My name is Melanie and I’m an alcoholic

My name is Melanie and I’m an alcoholic

My name is Melanie and I’m an alcoholic. There. I said it. Actually I typed it, I’m not ready to
verbalize it yet, but I know I need help.

My father is an alcoholic. My sister and I never knew it while we were still living at home. He sought help when I was 25 years old and has been sober for eleven years. (Go Dad!) I never knew anyone could be an alcoholic on 3.2% beer, but I am proving that to be
true as well for me.

My alcoholism began unsuspectingly when I was in high school. It started with a few beers with friends whenever we could get our hands on the stuff. Then I turned 21. What a glorious age! I could drink legally! And drink I did. Almost every night from the age of 21 to 31 I was a beer connoisseur.

The wine became the beverage of choice for the next four years. So sophisticated I was, holding a wine glass, I knew alcohol would never become a problem I shared with my father. I didn’t have a DUI, I was always careful about drinking and driving (sheer luck in retrospect), I hold down a great job and I live in a nice place.

I have been married and divorced three times, however, all to practicing alcoholics themselves. Then I joined a social organization and drinking was the center of activity. I began to experiment with other spirits and mixers, just to find something that would taste good and not make me feel so hungover the next day. And it worked for a while. Now my alcohol is betraying me.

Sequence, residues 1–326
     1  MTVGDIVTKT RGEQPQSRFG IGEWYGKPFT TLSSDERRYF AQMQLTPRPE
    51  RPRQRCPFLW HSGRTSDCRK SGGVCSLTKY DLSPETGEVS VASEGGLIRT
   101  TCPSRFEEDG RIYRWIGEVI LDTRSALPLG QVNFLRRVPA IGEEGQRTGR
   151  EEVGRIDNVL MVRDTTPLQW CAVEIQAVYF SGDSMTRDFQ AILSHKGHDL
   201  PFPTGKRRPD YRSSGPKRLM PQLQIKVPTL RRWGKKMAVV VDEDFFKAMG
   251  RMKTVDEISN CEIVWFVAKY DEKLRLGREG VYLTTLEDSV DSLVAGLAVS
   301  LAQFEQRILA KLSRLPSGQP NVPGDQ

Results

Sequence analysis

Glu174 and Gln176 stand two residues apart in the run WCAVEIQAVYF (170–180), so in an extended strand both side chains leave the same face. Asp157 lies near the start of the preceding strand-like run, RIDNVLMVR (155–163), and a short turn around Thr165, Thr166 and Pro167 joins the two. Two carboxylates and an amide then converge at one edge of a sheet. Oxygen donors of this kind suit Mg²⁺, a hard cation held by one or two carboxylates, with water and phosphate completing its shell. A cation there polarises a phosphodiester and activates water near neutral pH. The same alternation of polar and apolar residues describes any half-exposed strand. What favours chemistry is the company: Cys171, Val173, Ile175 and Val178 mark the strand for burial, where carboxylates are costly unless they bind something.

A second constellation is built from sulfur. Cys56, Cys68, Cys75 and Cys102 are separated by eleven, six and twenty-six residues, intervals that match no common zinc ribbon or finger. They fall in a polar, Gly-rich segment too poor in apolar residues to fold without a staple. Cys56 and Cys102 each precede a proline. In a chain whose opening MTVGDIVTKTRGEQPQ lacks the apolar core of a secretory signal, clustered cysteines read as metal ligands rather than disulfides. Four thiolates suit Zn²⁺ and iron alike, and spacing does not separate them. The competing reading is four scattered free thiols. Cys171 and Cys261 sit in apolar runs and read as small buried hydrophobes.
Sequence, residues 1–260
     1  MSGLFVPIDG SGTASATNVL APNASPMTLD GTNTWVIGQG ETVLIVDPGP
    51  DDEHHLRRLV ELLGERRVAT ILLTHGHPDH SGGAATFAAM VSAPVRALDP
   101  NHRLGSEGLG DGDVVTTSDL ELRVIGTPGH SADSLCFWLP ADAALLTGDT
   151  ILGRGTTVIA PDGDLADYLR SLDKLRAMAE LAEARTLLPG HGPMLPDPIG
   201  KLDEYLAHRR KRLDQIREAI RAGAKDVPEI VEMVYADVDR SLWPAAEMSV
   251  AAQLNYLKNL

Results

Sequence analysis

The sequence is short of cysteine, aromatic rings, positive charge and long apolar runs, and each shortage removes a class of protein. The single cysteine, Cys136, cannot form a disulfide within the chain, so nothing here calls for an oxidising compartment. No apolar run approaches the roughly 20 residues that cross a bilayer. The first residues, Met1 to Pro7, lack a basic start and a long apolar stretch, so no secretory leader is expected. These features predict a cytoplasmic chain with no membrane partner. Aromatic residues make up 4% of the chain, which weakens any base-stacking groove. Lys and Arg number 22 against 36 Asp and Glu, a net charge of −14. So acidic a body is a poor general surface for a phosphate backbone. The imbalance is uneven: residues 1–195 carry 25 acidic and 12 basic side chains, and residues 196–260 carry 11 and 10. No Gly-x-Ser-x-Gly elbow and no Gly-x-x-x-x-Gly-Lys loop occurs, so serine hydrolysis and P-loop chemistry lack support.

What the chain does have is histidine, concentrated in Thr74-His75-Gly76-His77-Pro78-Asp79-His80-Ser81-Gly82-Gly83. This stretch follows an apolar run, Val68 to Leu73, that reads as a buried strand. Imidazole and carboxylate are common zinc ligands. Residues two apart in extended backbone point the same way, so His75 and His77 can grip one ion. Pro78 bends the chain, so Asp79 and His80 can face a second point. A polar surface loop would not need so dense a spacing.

I feel worse after each drinking episode. My nails are no longer smooth. My skin is starting to look dry and weathered even though I don’t ever sunbathe, and I’m getting an alcoholic redness to my face. I get diarrhea every day after drinking, even if I only have two drinks. I’m gaining weight as well. I feel awful about myself. Worst of all, I feel suicidal when I have been drinking.

I desperately need help and I’m glad to have found this site. Today I talked to my boss about our employee assistance program. In fact, I choked on the mere words, “employee assistance program.” I want to have control over my life and I realize that I can’t stop drinking once I start. Just because I don’t drink everyday doesn’t mean I don’t have a problem. The suicidal thoughts scare me and are my wake-up call. I want to hang on before I hit rock-bottom. Hey, maybe I already have? Peace to all. And, I love you, Daddy.